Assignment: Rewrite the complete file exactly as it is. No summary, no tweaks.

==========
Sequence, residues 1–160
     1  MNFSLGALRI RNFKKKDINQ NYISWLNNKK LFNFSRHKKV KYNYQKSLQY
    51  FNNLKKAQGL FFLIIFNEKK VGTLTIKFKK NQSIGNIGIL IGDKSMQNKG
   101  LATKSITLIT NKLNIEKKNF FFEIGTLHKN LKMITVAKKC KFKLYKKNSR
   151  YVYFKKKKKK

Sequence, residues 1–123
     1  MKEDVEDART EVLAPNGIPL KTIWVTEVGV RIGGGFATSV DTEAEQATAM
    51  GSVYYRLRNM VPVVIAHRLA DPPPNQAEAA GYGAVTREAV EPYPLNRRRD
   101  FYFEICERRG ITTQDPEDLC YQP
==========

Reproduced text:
Sequence, residues 1–160
     1  MNFSLGALRI RNFKKKDINQ NYISWLNNKK LFNFSRHKKV KYNYQKSLQY
    51  FNNLKKAQGL FFLIIFNEKK VGTLTIKFKK NQSIGNIGIL IGDKSMQNKG
   101  LATKSITLIT NKLNIEKKNF FFEIGTLHKN LKMITVAKKC KFKLYKKNSR
   151  YVYFKKKKKK

Sequence, residues 1–123
     1  MKEDVEDART EVLAPNGIPL KTIWVTEVGV RIGGGFATSV DTEAEQATAM
    51  GSVYYRLRNM VPVVIAHRLA DPPPNQAEAA GYGAVTREAV EPYPLNRRRD
   101  FYFEICERRG ITTQDPEDLC YQP